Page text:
The reference to Shiloh refers to a very traumatic event which happened way back before the reign of King David (Period 4). Once when the Israelites were battling against the Philistines, God allowed His Ark to be captured by the enemy and hauled out of Israel. Remember that to the Jews, the Ark was like God’s personal throne. Where the Ark went, Yahweh went, so when the Philistines captured the Ark, it felt like Yahweh had intentionally abandoned His people (see Lessons Learned when the Philistines Stole the Ark).

God now promises similar abandonment. If the people don’t shape up, He’s going to destroy His Temple and make Jerusalem look pathetic in the eyes of the other nations. Well, this message immediately causes tempers to flare. The Jews are fiercely patriotic and they are fed up with this prophet and his constant yammering about God’s coming judgment.

Then the priests, the prophets, and all the people took hold of him, yelling, “You must surely die! How dare you prophesy in the Name of Yahweh, ‘This Temple will become like Shiloh and this city will become an uninhabited ruin’!” Then all the people assembled against Jeremiah at Yahweh’s Temple. (Jer. 26:8-9)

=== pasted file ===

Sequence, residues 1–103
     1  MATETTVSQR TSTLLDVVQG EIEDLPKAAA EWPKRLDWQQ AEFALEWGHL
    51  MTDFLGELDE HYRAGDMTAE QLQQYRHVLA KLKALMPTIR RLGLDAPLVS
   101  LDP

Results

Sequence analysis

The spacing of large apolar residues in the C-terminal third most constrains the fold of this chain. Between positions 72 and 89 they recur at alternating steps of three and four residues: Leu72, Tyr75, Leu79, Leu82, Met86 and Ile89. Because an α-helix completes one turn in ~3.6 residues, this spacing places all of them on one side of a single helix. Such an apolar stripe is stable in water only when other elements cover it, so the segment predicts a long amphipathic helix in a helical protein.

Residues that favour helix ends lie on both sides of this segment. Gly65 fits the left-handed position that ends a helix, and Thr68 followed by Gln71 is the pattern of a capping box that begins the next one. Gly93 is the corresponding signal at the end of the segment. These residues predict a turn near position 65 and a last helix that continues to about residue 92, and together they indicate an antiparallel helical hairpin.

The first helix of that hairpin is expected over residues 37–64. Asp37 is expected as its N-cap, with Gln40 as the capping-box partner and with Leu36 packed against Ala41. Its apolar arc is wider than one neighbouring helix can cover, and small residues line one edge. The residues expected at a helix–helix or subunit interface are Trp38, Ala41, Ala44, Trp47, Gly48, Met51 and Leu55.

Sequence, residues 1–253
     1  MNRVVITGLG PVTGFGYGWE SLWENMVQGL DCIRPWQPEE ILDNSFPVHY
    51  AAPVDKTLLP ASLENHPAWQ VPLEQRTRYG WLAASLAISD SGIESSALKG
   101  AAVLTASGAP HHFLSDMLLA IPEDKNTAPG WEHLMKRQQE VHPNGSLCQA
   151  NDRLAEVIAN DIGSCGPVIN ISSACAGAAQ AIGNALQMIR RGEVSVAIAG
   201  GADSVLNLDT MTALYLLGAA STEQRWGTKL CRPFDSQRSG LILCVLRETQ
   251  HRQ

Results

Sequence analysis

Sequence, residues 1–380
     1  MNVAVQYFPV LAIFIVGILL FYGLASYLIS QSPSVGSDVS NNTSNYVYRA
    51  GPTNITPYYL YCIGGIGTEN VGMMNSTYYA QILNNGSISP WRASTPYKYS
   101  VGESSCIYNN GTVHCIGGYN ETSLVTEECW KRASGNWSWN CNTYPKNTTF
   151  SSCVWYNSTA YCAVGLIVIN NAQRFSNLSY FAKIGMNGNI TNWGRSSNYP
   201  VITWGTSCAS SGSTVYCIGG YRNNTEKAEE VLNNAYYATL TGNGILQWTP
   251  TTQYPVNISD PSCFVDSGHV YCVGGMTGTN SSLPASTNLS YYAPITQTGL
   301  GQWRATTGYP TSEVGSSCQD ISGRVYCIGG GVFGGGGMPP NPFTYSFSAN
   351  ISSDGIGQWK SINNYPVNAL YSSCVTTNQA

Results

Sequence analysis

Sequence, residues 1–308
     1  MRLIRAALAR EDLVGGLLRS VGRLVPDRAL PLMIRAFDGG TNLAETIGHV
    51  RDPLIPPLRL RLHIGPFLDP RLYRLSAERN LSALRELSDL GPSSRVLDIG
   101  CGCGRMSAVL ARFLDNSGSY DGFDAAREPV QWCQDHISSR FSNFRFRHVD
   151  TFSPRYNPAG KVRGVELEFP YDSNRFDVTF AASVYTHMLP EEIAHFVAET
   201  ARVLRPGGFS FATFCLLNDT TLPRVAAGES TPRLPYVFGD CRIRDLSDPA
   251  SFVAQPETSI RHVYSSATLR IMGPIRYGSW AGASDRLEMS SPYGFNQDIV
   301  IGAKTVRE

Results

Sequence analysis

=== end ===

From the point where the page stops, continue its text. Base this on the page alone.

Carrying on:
Shiloh is a very sensitive subject, which is why God used it. He knew He would hit a nerve. But where is Yahweh now that the people are trying to get Jeremiah executed? Judges hear the commotion and come out to give a ruling. Jeremiah has to be panicking inside, and yet he boldly says:

“Yahweh sent me to prophesy all the words that you have heard against this Temple and city. So now, correct your ways and deeds and obey the Voice of Yahweh your God so that He might relent concerning the disaster that He warned about. As for me, here I am in your hands; do to me what you think is good and right. But be certain of this: if you put me to death, you will bring innocent blood on yourselves, on this city, and on its residents, for I tell you the truth when I say that Yahweh sent me to speak all these things directly to you.” (Jer. 26:13-15)